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189 F.3d 88 (2nd Cir.

1999)

UNITED STATES OF AMERICA, Appellee,


v.
OMAR AHMAD ALI ABDEL RAHMAN; IBRAHIM A. ELGABROWNY; EL SAYYID NOSAIR; TARIG ELHASSAN;
CLEMENT RODNEY HAMPTON-EL; AMIR ABDELGANI;
FADIL ABDELGANI; VICTOR ALVAREZ; MOHAMMED
SALEH and FARES KHALLAFALLA, DefendantsAppellants.
Docket Nos. 96-1044L, -1045, -1060, -1061, -1062, -1063, - 1064, -1065, -1079, 1080
August Term 1997

UNITED STATES COURT OF APPEALS


SECOND CIRCUIT
Argued: Jan. 14-15, 1998
Decided: Aug. 16, 1999

Appeal from the January 17, 1996, judgment of the United States District
Court for the Southern District of New York (Michael B. Mukasey,
District Judge) convicting ten appellants of various offenses, including
seditious conspiracy, in connection with a plot to bomb the World Trade
Center and bridges and tunnels in New York City.
Convictions affirmed; sentence of El-Gabrowny remanded for further
consideration; sentences of all other Appellants affirmed. [Copyrighted
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Ramsey Clark, New York, N.Y. (Lawrence W. Schilling, Lynne Stewart,
Abdeen Jabara, on the brief), for appellant Rahman.
Anthony L. Ricco, Ricco & Villanueva, New York, N.Y.; Edward D.

Wilford, New York, N.Y.; Polly N. Passonneau, New York, N.Y., for
appellant El-Gabrowny.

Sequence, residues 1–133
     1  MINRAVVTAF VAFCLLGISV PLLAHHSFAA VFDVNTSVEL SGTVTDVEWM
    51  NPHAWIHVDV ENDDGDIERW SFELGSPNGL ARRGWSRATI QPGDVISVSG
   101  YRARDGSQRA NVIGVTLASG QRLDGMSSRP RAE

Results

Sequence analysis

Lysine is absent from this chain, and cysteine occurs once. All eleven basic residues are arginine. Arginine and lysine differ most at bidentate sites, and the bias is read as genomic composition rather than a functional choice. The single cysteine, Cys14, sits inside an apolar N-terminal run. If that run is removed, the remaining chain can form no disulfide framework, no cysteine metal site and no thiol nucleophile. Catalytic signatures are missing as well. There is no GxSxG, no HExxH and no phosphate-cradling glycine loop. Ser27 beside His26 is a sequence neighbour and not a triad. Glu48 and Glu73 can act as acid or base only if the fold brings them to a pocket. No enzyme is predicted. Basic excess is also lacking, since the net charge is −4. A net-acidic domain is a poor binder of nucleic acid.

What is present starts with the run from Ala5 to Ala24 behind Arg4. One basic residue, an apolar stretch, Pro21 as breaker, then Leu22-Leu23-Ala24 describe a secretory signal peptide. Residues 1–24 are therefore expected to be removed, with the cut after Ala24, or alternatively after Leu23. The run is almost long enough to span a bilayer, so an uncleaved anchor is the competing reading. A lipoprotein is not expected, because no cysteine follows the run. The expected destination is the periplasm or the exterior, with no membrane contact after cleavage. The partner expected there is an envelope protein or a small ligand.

Roger L. Stavis, New York, N.Y. (Andrew G. Patel, New York, N.Y., on
the brief), for appellant Nosair.
Joyce London, New York, N.Y.; Gail Jacobs, Great Neck, N.Y., for
appellant Elhassan.
Kenneth D. Wasserman, Georgia J. Hinde, New York, N.Y. (Siri L.
Averill, New York, N.Y., on the brief), for appellant Hampton-El.
Steven Bernstein, New York, N.Y., for appellant, A. Abdelgani.
A. Abdelgani. Moira Casey, Douglaston, N.Y.; Charles D. Levine, Forest
Hills, N.Y., for appellant F. Abdelgani.
Wesley M. Serra, Brown, Berne & Serra, Bronx, N.Y., for appellant
Alvarez.
Beverly Van Ness, New York, N.Y.; John H. Jacobs, New York, N.Y., for
appellant Saleh.
Valerie S. Amsterdam, New York, N.Y., for appellant Khallafalla.
Andrew C. McCarthy, Asst. U.S. Atty., New York, N.Y. (Mary Jo White,
U.S. Atty., Guy Petrillo, Asst. U.S. Atty., New York, N.Y., on the brief),
for appellee.
Before: NEWMAN, LEVAL, and PARKER, Circuit Judges.

CONTENTS
1

INTRODUCTION . . . . . . . . . . . . . . . . . . . . . . .103

BACKGROUND . . . . . . . . . . . . . . . . . . . . . . . . 103

I. The Government's Case . . . . . . . . . . . . . . . . . .104

II. The Defense Case . . . . . . . . . . . . . . . . . . . . 111

III. Verdicts and Sentences . . . . . . . . . . . . . . . . .111

DISCUSSION . . . . . . . . . . . . . . . . . . . . . . . . . .111

I. Constitutional Challenges . . . . . . . . . . . . . . . . .111